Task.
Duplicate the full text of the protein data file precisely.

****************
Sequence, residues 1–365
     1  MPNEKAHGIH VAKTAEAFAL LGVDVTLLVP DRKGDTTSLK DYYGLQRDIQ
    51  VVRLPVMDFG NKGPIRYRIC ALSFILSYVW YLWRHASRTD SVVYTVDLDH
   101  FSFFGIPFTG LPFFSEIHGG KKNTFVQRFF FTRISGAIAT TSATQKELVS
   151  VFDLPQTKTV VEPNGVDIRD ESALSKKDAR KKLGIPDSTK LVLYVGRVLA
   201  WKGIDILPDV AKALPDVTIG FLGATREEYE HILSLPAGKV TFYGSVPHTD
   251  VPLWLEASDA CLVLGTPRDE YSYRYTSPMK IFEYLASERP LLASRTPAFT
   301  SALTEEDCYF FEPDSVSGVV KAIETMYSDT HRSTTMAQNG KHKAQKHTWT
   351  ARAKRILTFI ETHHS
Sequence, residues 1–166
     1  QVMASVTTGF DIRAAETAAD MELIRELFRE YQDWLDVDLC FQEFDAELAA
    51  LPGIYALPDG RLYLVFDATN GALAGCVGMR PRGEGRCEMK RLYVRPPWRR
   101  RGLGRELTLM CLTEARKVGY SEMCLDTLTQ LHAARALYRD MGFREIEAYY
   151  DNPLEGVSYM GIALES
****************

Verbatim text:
Sequence, residues 1–365
     1  MPNEKAHGIH VAKTAEAFAL LGVDVTLLVP DRKGDTTSLK DYYGLQRDIQ
    51  VVRLPVMDFG NKGPIRYRIC ALSFILSYVW YLWRHASRTD SVVYTVDLDH
   101  FSFFGIPFTG LPFFSEIHGG KKNTFVQRFF FTRISGAIAT TSATQKELVS
   151  VFDLPQTKTV VEPNGVDIRD ESALSKKDAR KKLGIPDSTK LVLYVGRVLA
   201  WKGIDILPDV AKALPDVTIG FLGATREEYE HILSLPAGKV TFYGSVPHTD
   251  VPLWLEASDA CLVLGTPRDE YSYRYTSPMK IFEYLASERP LLASRTPAFT
   301  SALTEEDCYF FEPDSVSGVV KAIETMYSDT HRSTTMAQNG KHKAQKHTWT
   351  ARAKRILTFI ETHHS
Sequence, residues 1–166
     1  QVMASVTTGF DIRAAETAAD MELIRELFRE YQDWLDVDLC FQEFDAELAA
    51  LPGIYALPDG RLYLVFDATN GALAGCVGMR PRGEGRCEMK RLYVRPPWRR
   101  RGLGRELTLM CLTEARKVGY SEMCLDTLTQ LHAARALYRD MGFREIEAYY
   151  DNPLEGVSYM GIALES